The civil racketeering suit alleged that a dealership principal was asked to falsely report sales of 40 vehicles in exchange for $20,000 in incentives by Fiat Chrysler to the dealer. The automaker at the time said the lawsuit was “without merit.” A judge dismissed the fraud and racketeering claims.
Fiat Chrysler has since changed the way it reports its sales figures. Not long after the federal probe began in 2016, the automaker revised what had been touted as a 75-month-long string of year-over-year sales increases. The automaker saw sales increase for roughly half that time, based on the new reporting practices. The automaker settled the civil lawsuit in April 2019, according to a report from the Wall Street Journal.
Reid Bigland, head of U.S. sales and the Ram brand for Fiat Chrysler, filed a federal whistleblower lawsuit against the automaker in June, claiming he had become a scapegoat for the inflated vehicle sales practices, which he said he inherited. He was appointed the head of U.S. sales in June 2011.
He alleged FCA executives retaliated against him for cooperating with the federal investigation by slashing his pay by more than 90%. Bigland claimed the company planned to use the withheld $1.8 million in bonuses and stock payout for fines or settlements reached with the SEC.
The automaker in June said Bigland's compensation is "subject to a determination by the Board of Directors' compensation committee that he has satisfied the applicable company and personal performance conditions."
Separately, FBI agents and the U.S. Attorney's Office are investigating corruption within the U.S. auto industry and have secured nine convictions, including former Fiat Chrysler Vice President Alphons Iacobelli, once the automaker's top labor-relations executive.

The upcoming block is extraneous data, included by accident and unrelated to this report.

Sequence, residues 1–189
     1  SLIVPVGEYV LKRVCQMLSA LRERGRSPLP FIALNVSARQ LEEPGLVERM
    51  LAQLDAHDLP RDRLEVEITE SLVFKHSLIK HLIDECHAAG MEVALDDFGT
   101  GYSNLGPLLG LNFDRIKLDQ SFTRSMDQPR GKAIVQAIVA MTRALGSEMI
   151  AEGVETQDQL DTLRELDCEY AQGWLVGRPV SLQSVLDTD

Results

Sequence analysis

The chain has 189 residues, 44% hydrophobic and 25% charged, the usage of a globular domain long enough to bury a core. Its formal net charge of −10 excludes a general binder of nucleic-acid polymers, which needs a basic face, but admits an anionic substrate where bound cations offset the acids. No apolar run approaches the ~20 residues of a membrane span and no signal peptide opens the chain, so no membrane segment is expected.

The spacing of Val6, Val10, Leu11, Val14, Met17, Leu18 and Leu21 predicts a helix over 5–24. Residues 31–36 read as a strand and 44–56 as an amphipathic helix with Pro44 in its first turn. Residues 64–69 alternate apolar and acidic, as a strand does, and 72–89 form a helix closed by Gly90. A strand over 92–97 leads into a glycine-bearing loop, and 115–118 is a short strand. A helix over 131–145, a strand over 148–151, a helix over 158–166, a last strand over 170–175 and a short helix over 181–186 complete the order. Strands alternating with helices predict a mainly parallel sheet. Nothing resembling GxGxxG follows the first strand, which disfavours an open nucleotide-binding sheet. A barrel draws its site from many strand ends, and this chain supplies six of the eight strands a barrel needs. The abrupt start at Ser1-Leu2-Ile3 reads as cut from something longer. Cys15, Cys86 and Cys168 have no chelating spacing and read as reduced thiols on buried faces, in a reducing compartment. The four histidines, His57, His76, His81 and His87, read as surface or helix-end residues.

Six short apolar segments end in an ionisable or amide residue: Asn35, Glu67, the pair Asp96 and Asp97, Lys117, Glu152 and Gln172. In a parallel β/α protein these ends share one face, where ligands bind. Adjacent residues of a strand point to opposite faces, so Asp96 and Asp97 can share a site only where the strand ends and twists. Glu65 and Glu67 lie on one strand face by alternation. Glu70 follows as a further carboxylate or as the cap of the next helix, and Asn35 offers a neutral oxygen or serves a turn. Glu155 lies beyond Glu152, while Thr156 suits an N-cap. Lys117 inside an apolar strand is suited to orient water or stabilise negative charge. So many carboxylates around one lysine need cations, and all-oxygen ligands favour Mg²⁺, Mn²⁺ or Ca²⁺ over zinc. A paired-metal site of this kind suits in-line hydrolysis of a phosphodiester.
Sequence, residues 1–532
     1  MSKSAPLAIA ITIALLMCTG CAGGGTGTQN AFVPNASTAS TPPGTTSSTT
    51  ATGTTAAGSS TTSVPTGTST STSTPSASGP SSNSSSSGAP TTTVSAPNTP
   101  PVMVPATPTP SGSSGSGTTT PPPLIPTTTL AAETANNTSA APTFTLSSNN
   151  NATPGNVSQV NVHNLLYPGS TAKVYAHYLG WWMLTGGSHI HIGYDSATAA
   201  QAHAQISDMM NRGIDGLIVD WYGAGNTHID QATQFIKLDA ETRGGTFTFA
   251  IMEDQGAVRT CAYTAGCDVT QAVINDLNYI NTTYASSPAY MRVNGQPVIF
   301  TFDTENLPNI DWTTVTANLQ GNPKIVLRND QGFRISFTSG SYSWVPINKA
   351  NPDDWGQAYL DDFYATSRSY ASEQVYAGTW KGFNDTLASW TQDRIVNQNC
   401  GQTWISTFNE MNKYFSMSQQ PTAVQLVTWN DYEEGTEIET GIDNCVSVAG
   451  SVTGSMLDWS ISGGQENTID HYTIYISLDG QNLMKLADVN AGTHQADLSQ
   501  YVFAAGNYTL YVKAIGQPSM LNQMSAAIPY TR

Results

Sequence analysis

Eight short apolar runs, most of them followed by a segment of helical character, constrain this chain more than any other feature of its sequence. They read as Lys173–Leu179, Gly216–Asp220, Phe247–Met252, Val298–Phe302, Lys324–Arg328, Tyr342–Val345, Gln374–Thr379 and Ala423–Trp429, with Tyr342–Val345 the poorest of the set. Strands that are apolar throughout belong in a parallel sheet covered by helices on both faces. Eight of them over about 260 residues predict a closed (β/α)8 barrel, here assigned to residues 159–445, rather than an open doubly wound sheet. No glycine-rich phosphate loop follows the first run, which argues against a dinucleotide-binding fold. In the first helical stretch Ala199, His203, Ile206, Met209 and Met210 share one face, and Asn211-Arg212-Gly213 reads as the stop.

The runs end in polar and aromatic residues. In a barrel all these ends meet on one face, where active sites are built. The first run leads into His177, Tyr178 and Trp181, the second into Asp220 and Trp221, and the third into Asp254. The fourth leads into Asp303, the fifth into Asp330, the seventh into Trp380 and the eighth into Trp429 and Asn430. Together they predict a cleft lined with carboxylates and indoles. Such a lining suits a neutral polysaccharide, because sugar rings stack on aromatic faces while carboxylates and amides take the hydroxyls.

The federal criminal investigation is into whether executives conspired to pay bribes and break labor laws during a years-long conspiracy with the United Auto Workers.
The Detroit News reported in June that the automaker was looking to settle. Negotiators at the time were focused on the automaker submitting to government oversight for up to five years, paying less than $50 million in penalties and agreeing to make broad institutional changes to emerge from the bribery scandal, two sources said at the time. One sticking point was whether Fiat Chrysler agreed to admit guilt, according to a source.
Fiat Chrysler earlier in January also agreed to pay $800 million to settle claims that it had equipped some of its diesel-powered pickups and Jeep SUVs with software designed to elude emissions tests. FCA was not required to admit any wrongdoing as part of the settlement.
Emanuele Palma, FCA's senior manager of diesel engine calibration, however, was indicted Tuesday on charges of violating the Clean Air Act, wire fraud, false statements and aiding and abetting FCA's efforts to defraud car buyers.